Sentinel, 2019, $24.00, 240 pp.
In the opening pages of My Father Left Me Ireland, Michael Brendan Dougherty’s epistolary memoir, he remembers a visit to his Irish father, on his native soil, when he was six. His father had neither married his mother, nor come back to America with her. Which leaves that “his” in “his native soil” strained—it cannot cover both Dougherty and his father, no matter how much either man might regret his division from the other.
What Dougherty remembers is, “the way you ended your sentences with a suggestive ‘you know.’ To this boy’s ears, it was an invitation to be with you in every story.” My Father Left Me Ireland is his attempt, as a new father himself, to look back over his life and see to what extent he and his father could or do share a story, a language, a home.
Dougherty’s fatherlessness was obvious, to him and to everyone around him. But the more he tried to prepare an accounting of himself for his impending daughter (“It occurred to me that in a few months I would have this life wriggling across my lap. I would have to tell her who she is.”) the more he noticed that the spaces his father left unfilled weren’t the only ways he’d been orphaned.
There wasn’t just an absence in his immediate family, but in the whole village that allegedly raises a child. Dougherty writes, “The adult world that I encountered was plainly terrified of having authority over children and tried to exercise as little of it as practicable. […] The constant message of authority figures was that I should be true to myself. I should do what I loved, and I could love whatever I liked. I was the authority.”
He could write to his father, he could order Gaelic books, but there was no clear way to regain what had been given up by the generations that came before. Dougherty’s book is full of a coiled fury. His anger is not against his father, who he comes to understand longed for him as well. His forgiveness doesn’t lessen the wound he, his father, and his mother all sustained from his family’s fracturing, but it allows him to reach across the gap to offer and receive love now.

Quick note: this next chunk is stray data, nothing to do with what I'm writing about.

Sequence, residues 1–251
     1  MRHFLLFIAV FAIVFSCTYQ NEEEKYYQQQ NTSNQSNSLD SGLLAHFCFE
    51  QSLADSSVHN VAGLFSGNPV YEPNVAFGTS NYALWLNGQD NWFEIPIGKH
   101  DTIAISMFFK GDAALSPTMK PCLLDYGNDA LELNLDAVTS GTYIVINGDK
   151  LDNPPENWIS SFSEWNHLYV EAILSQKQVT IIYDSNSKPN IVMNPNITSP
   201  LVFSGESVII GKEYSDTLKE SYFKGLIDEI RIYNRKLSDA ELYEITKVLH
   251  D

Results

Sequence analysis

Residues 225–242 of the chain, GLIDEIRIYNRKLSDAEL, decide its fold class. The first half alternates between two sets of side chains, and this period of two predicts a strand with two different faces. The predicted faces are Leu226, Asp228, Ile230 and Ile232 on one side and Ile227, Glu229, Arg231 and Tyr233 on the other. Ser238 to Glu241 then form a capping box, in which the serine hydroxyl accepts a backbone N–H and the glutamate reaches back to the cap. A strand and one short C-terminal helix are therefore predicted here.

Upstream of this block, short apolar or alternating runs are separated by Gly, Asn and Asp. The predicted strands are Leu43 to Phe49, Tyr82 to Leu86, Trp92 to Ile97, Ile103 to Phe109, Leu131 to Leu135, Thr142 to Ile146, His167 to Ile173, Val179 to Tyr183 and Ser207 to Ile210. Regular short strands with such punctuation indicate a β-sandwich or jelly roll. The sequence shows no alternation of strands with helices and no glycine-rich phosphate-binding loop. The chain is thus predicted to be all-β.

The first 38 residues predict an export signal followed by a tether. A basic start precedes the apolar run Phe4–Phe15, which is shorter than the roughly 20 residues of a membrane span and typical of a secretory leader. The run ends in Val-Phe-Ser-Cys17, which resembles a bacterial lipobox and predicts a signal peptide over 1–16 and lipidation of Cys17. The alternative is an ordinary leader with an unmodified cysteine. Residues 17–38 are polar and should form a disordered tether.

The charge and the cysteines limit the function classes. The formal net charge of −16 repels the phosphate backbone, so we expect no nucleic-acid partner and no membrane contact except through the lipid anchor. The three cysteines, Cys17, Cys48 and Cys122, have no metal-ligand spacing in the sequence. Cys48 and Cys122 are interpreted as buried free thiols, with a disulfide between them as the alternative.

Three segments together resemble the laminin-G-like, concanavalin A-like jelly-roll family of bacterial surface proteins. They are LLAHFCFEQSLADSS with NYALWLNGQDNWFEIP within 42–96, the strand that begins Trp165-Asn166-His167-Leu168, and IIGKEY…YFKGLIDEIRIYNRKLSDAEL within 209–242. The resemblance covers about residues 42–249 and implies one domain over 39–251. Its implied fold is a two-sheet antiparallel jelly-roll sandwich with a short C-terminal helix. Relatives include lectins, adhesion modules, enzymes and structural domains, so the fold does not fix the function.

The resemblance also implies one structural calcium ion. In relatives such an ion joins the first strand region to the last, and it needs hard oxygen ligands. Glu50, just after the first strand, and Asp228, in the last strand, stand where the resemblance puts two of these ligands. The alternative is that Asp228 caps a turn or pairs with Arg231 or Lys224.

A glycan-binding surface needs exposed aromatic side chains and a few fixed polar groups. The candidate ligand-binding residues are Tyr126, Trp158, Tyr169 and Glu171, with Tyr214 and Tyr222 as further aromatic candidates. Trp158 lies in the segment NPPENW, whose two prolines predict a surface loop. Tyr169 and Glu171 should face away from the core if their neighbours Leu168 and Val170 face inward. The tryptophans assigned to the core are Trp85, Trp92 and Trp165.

Rather, his rage is directed at the eunuchizing modern mindset that sees us as most free when we can be stripped of all the ties we have to others. A father can leave his children, provided the financial pain is assuaged by child support or governmental subsidy. A citizen cannot have too great a love for their own nation, lest they imply any other is lesser. A believer cannot bring their beliefs to bear in the public square, where all visions of the good need to have free access to the marketplace of ideas, provided they are not normative visions of a common good.
In Dougherty’s words,
This myth of liberalism was like a solvent that had slowly and inexorably dissolved any sense of obligation in life. It dissolved the bonds that held together past, present, and future. It dissolved the social bonds that hold together a community, and that make up a home. And, here, at the end of the process, I was alone. An atom that becomes separated from a larger chemical structure is called a free radical.
The pledge this leveling liberalism demands is that we never mourn for what we have lost. Never acknowledge it as a loss at all. And then, as sufficiently similar people, we can live together in peace.
When Dougherty turns back to Ireland, he doesn’t just look for the elements of nationality that my school would have celebrated in its Intercultural Unity Day—the food served in the cafeteria, the dances performed at the assembly, the traditional garb worn in the costume parade. He wants to find the hot-blooded tie to nation that goes beyond kitsch. He turns to the writings of Irish nationalists.